“Mr. Anderson, are you paying attention?” Dr. Warden asked.

Gene was slow to nod.

“This is the message from your wife.”

For the first time Gene noticed the white paper in the doctor’s hand.  He reached out to take it, but the doctor unfolded it and began to read.

“Gene, I know this is as horrible for you as it is for me.  I forgive you. And I hope you will forgive me. I thought you didn’t want children because we’re older.  You should have told me about the dolls before. If I had known, none of this would have happened. We will never have children again.  Even if the therapy works, I can’t imagine children would be safe in any home we have.  You can’t take back what you did. And now, neither can I. I still love you, Gene.  But, I hope you suffer as I am suffering.”

The doctor folded the paper, stuffed it in his pocket and nodded to the orderlies as he walked down the left corridor.  He stopped a few feet from them, took out a set of keys and opened a door that was so thick Gene wondered at its purpose.  The doctor nodded once again and the orderlies walked him to the thick, vault-like door and he had to step over a raised area on the floor as they pushed him inside.  The orderlies remained outside with the doctor.  The door closed on him.  No slit in the door to talk through.  The inside of the door was metal.  A brushed chrome steel wall, as it had no handle of any kind on the inside.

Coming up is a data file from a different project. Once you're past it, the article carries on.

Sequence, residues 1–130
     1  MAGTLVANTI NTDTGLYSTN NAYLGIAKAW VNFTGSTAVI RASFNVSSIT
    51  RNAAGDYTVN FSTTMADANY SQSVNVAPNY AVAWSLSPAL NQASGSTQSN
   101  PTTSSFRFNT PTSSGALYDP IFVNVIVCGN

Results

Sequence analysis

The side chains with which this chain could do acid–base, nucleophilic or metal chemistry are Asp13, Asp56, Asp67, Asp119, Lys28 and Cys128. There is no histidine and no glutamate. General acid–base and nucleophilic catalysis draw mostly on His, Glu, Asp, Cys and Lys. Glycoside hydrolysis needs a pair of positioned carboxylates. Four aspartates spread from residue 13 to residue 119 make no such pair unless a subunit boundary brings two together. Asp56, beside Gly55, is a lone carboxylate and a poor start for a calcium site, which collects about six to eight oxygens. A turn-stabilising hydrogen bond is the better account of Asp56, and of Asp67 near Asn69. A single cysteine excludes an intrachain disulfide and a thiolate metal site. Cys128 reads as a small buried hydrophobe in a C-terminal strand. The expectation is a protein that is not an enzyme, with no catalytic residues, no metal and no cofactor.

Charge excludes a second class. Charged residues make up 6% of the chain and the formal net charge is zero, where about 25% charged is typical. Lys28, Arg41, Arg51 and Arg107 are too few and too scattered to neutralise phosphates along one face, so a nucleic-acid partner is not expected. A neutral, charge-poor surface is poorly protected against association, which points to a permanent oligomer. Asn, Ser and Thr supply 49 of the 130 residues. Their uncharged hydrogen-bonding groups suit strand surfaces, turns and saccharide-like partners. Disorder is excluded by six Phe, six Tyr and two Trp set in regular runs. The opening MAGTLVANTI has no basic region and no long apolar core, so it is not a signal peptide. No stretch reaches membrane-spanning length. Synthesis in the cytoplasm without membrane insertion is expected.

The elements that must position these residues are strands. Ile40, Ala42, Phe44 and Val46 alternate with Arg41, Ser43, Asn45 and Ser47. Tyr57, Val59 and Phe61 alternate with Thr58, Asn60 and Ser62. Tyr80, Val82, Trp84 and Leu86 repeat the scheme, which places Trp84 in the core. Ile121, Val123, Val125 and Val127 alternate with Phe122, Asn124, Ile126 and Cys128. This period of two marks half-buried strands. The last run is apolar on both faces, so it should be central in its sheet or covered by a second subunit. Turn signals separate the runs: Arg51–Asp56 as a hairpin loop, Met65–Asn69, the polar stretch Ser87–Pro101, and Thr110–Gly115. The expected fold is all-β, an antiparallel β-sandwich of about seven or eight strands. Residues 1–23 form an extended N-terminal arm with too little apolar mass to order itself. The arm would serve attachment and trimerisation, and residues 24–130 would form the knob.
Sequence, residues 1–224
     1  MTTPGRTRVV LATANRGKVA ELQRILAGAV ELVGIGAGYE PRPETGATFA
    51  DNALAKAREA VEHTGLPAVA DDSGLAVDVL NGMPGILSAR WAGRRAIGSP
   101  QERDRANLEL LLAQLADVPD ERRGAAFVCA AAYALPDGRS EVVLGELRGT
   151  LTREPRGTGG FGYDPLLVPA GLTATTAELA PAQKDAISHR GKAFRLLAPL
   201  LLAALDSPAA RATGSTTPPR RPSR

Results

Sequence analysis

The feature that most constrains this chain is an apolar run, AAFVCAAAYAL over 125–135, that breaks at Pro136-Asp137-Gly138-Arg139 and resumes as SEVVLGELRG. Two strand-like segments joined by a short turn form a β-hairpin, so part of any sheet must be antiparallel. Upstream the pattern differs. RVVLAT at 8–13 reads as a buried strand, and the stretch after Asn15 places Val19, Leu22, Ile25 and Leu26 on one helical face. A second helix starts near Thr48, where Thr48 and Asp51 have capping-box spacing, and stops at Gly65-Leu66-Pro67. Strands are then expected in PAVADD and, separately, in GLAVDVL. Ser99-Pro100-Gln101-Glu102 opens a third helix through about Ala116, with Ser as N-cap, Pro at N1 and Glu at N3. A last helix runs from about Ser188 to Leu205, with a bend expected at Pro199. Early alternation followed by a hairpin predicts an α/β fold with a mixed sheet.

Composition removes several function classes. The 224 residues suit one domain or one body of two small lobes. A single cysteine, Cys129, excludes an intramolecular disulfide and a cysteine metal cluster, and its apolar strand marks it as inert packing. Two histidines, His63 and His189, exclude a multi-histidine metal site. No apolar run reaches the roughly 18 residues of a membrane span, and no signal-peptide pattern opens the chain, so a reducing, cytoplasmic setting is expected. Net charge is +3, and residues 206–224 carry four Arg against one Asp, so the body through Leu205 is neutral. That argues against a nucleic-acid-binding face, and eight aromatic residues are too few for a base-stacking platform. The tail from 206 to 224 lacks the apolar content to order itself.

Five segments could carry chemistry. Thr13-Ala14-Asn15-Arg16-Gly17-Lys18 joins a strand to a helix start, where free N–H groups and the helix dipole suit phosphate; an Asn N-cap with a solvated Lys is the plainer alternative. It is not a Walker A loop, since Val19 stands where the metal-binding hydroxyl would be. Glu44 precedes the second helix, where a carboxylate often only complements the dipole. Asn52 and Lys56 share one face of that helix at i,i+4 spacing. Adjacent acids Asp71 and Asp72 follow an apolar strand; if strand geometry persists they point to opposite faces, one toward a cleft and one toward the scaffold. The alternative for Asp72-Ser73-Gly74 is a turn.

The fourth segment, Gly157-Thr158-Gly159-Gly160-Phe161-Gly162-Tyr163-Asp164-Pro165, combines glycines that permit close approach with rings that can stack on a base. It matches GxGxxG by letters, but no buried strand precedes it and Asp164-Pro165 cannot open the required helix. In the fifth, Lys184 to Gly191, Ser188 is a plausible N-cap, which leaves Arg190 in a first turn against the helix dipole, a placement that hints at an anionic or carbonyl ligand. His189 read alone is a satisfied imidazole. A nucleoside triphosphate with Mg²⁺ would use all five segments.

Gene stared at his reflection which was a hazy blur on the metal.  The air was cool, but there was an odor to it that he recognized, but couldn’t name or place.  The scent was more of a memory and none of his memories were clear these days.